Montgomeryshire Churches Survey
Church of St Garmon , Llanarmon Mynydd-mawr
Llanarmon Mynydd-mawr Church is in the Diocese of St Asaph, in the community of Llanrhaeadr-ym-Mochnant in the county of Powys. It is located at Ordnance Survey national grid reference SJ1355027940.
The church is recorded in the CPAT Historic Environment Record as number 16807 and this number should be quoted in all correspondence.
St Garmon's church is set in a remote location a mile and a half north-east of what was its mother church at Llanrhaeadr-ym-Mochnant. Heavy Victorian restoration has left a structure whose architectural features are all 19thC, though it is conceivable that
the walls themselves may be earlier. Inside, the church is equally devoid of anything pre-dating the 19thC except for a disused font bowl, a font cover and re-cycled altar rails, all from the 18thC. The churchyard, however, is largely unaltered, its
D-shaped form abutting a stream, with the earliest memorials from the late 18thC.
Nave and chancel retain no early features, all the windows and doors being Victorian. Masonry changes in the east wall hint at the possibility that some of the walls are older but this can not be demonstrated unequivocally; on the evidence of a faculty
petition the south wall may well have been rebuilt. The porch and vestry are 19thC features.
Parts of the following description are quoted from the 1986 publication The Buildings of Wales: Clwyd by Edward Hubbard
The dedication and location, and arguably the churchyard morphology point to an early medieval origin.
It was a chapel attached to Llanrhaiadr and as such was subsumed in the Taxatio entries for that church in 1254 and 1291. There is, however, a reference to Madoc, the curate of 'Lla'irmon' in 1317.
The church was restored in 1885/6 by W.H.Spaull of Oswestry at a cost of œ630. The decayed roof, west gallery and stairs, and the window frames were removed, the south wall and porch pulled down. The bellcote, broad cusped lancets and the Decorated east
window, together with heating apparatus and a new vestry, were added, and the floors replaced.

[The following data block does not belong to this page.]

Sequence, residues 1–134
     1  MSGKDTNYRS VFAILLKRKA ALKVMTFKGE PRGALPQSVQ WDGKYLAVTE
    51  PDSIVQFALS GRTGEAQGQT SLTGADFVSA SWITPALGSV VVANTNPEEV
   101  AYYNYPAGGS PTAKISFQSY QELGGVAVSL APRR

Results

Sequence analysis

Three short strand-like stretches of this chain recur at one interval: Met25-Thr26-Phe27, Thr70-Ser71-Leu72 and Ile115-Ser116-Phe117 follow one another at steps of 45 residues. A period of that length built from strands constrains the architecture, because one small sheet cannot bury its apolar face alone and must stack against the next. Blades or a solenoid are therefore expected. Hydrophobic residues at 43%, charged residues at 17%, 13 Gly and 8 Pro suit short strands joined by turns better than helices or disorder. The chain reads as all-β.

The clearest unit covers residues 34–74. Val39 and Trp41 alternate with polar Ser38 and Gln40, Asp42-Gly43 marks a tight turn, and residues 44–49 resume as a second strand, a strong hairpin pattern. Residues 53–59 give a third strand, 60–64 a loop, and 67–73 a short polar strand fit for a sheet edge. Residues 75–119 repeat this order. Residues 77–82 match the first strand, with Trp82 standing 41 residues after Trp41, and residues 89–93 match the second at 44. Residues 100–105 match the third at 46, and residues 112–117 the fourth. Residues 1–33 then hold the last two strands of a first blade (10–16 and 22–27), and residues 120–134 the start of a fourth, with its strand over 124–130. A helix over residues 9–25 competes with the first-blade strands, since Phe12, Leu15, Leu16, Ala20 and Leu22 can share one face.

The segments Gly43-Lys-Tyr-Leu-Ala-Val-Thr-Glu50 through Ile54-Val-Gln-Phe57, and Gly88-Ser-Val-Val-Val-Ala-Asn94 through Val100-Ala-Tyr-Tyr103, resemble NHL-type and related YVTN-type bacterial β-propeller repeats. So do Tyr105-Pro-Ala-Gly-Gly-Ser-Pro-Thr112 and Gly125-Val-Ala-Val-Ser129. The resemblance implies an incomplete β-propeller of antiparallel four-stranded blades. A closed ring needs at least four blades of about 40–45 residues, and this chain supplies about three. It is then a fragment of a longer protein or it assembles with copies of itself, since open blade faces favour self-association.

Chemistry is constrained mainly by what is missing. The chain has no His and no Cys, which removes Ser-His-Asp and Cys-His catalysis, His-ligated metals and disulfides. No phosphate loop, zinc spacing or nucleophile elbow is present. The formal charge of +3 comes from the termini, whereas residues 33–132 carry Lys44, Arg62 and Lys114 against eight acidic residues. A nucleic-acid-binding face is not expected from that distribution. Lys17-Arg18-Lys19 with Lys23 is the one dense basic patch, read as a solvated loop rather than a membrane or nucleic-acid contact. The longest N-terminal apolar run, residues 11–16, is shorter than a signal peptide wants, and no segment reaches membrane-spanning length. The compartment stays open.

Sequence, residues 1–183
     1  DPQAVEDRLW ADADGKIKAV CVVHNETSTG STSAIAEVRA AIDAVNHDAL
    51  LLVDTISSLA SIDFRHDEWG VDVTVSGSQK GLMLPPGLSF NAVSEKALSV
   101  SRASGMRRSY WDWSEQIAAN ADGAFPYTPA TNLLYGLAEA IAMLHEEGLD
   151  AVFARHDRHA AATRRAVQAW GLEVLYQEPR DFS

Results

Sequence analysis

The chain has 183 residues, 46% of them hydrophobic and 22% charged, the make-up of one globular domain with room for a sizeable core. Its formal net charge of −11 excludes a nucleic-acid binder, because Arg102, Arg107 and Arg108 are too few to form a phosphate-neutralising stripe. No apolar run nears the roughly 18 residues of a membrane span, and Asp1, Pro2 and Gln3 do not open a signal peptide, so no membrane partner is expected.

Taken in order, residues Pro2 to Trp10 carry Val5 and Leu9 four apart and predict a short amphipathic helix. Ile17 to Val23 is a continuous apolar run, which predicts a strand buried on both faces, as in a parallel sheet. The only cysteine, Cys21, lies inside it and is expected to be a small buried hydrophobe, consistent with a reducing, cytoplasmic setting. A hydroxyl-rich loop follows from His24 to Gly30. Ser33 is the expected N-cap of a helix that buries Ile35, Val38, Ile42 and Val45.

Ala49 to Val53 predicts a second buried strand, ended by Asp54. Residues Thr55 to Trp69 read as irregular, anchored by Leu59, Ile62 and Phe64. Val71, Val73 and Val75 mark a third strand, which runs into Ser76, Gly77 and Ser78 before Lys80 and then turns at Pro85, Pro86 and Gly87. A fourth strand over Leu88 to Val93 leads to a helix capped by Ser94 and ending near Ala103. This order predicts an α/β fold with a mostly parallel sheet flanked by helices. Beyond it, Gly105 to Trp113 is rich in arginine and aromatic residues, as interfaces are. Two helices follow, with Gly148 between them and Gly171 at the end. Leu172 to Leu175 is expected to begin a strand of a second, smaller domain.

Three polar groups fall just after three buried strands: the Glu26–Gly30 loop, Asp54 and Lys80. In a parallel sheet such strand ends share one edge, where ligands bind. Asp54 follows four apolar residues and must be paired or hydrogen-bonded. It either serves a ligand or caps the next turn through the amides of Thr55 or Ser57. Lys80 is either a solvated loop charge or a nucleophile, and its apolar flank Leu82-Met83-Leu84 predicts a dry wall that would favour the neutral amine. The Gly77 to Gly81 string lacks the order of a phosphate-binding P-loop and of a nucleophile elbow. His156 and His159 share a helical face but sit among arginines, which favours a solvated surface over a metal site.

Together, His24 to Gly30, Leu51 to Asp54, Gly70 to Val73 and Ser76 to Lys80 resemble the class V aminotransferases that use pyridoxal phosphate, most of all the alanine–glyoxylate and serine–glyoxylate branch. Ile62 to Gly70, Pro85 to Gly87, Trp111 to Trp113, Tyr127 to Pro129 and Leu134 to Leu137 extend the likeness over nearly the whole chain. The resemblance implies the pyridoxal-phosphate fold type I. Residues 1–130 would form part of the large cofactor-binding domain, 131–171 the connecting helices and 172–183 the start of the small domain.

The church consists of a single cell for the nave and chancel, a south porch and a vestry at the north-east corner. Above the west gable is a bellcote.
Fabrics: 'A' is of small and medium blocks and slabs of shale, grey and brown in colour, with occasional blocks of quartz and also some medium-sized pebblestones. Slabs used for levelling courses in walls; selected stones used for quoins.
'B' is dominated by small slabs of grey and brown shale, with occasional medium-sized slabs; some coursing.
Roof: slates, red clay ridge tiles; metal cross finial on the porch and another decorated metal finial on the chancel.
Drainage: the church is terraced into a hillslope creating a flat-bottomed gully around its north and west sides which may have a drainage function; on the east there is evidence of a back-filled trench beside the wall. The presence of old graveslabs
suggests that there is nothing on south.
Nave and Chancel. General. Not differentiated externally. Walls taper inwards slightly as they rise.
North wall: in 'A'. The only features are two cusped lancet lights in pale freestone, both Victorian. No convincing signs that these have been inserted.
East wall: lower part in 'A', but around window in 'B'. A relatively small east window with a two-centred arch, three lancet lights, and sub-arches edging a cusped rounded light at the apex; all in pale freestone with an ashlar relieving arch.
South wall: in 'A'. Three standard cusped lancets; no signs of insertion.
West wall: in 'A', irregularities at apex of gable suggest that this may have been reconstructed, though there is also more recent re-pointing here. Two cusped lancets; below these a windlass for the bell, but the cord broken. Bellcote has a single
aperture, ashlar and stone facing, and a gabled top.
Vestry. General. Built in masonry akin to 'A', though there appears to be less variation in the size of the stone. A simple lancet light in north wall in same general style as the nave windows, a plain west wall and a flat-headed doorway with stopped
chamfers on its jambs on the east.
Porch. General. Fabric akin to 'A' but sides appear less weathered than nave, suggesting they are of later build. Basal plinth with chamfered freestone coping.
East and west walls: plain.
South wall: two-centred archway in standard freestone with simple stops to the chamfers. Lamp above the arch, no doors or gates.